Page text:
Vive la revolution at Stoke

Posted by James Whittaker

Mark Hughes' first game as Stoke manager ended in a 1-0 defeat to Liverpool in the curtain raiser to the new Premier League season.

In his 271st game as manager, Hughes will have learned plenty about his side in its first competitive outing, which will perhaps dictate the level of activity in the remaining weeks of the transfer window. Former Stoke boss Tony Pulis, a guest in the BTSport studio, stated that Hughes wouldn't change the style overnight, but what transpired on the pitch would suggest he's done exactly that. The rendition of "we're passing the ball" to the same tune of "we'll play how Stoke want" showed the fans were in agreement and enjoying every minute.

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- Report: Mignolet saves the day

The main talking points for me were as follows:

Asmir Begovic - What can you say? Asmir had another great game and kept Stoke in it right to the end. He was the safety net for the new defensive shape and Stoke needed every millimetre of his six foot six (and three quarters) frame as he protected his goal with the kind of fervour reserved for the opposition fans and their bitey striker. It was reported last week that the in-demand Bosnian has grown a couple of centimetres over the last year (due the plaudits lavished on him) and that extra height counted on Saturday with one save in particular. The one shot he didn't manage to get to would need an even more impressive growth spurt though I think it might be easier and less painful to get Robert Huth to close down the striker more readily (unless Huthy disapproves of course).

Team shape - The shape of the side was always going to be the biggest change given Hughes' predecessor concentrated on little else in every single training session. The side lined up in a 4-3-3 and were nice and high up the pitch, meaning numbers were able to join in with the attack. That said, on the back foot there seemed to be a huge gap between midfield and defence where Liverpool kept picking up possession. This is where Hughes wants Wilson Palacios to play and whether Wilson was supposed to be there or not I'm unsure, but it's not a habit the side will want to repeat, especially against quick moving teams of Liverpool's ilk.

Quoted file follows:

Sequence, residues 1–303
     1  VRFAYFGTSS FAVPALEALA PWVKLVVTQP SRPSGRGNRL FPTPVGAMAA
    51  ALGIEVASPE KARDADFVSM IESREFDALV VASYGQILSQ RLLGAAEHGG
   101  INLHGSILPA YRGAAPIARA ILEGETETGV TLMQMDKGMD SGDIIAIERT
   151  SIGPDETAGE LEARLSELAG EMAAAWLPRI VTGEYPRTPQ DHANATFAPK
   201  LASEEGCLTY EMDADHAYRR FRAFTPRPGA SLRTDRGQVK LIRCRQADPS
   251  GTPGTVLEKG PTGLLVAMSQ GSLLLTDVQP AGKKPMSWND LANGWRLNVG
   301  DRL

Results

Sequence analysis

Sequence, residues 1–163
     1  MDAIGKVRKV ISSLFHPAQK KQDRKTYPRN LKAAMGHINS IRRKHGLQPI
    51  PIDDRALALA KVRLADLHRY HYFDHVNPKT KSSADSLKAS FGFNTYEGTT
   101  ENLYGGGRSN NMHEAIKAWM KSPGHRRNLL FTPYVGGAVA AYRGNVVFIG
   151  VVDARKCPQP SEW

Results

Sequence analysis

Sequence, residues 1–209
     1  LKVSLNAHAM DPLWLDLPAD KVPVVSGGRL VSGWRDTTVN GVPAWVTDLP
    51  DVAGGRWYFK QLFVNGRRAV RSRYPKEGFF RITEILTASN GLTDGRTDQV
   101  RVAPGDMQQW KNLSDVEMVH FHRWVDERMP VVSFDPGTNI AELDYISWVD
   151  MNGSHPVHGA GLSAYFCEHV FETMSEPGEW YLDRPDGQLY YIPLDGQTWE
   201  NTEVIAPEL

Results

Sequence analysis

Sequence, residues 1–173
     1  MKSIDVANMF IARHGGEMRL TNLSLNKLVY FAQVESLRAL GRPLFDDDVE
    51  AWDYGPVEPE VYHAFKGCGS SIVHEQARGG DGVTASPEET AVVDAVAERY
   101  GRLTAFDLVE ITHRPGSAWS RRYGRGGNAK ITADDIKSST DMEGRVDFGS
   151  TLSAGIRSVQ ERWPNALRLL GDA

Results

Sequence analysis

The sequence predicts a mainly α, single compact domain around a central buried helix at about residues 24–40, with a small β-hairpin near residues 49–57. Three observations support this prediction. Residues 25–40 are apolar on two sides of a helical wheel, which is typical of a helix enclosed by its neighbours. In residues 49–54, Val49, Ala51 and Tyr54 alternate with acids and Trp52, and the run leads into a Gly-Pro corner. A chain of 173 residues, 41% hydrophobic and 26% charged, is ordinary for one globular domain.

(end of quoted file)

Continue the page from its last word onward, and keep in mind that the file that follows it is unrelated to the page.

Marc Wilson - A late inclusion for the injured Palacios following the warm up, Marc had the perfect opportunity to stake his claim for a starting role in what he constantly insists is his favoured position. As regular readers will know, I've always been wary of Wilson in the middle following a few appearances there under the previous manager and it seems little has changed. He is simply too slow of mind and foot to excel there, and I found myself getting increasingly frustrated after his 34th drag back when the player was actually nowhere near and his 'trick' sought only to put the ball closer to him. Sloppy in possession, suspect on the back foot and caught ball watching far too often. I see little future for him at the club if I'm perfectly honest.

The front three - This was the biggest concern. I'd suggested in my pre-season reports that for the most part Hughes can manage with the defenders and midfielders that he has but the attacking options available to him appear to be in no way suited to the shape or game he is trying to get the side to play. That lack of pace and movement as well as invention in the final third was alarming and it's a miracle Stoke saw so many shots on the opposition goal. It would appear that Hughes would agree given that he missed his first post-match interview to catch a flight to "conduct urgent transfer business".

The reaction on the forums was all too inevitable, swinging wildly from "we're doomed" to "we're great"; neither are the case, but the fact the side were much improved in attack with the paucity of options available can only be seen as positive. I too was alarmed at how open Stoke looked at the back and the ease at which Liverpool were able to create chances, but it's the first game playing a new system under a new manager at a side with Champions League aspirations.

The fact is that Stoke had more shots on target and the same number of corners in this game than on their last three visits to Anfield combined. Yes, they conceded more shots but that's the job Hughes and indeed every other manager in the world has on his hands. It's about finding that balance between defence and attack to get the best return possible and given he is one game into that process, this fan is prepared to give him time to do so and I'm hoping others will do the same.

Vive la revolution!

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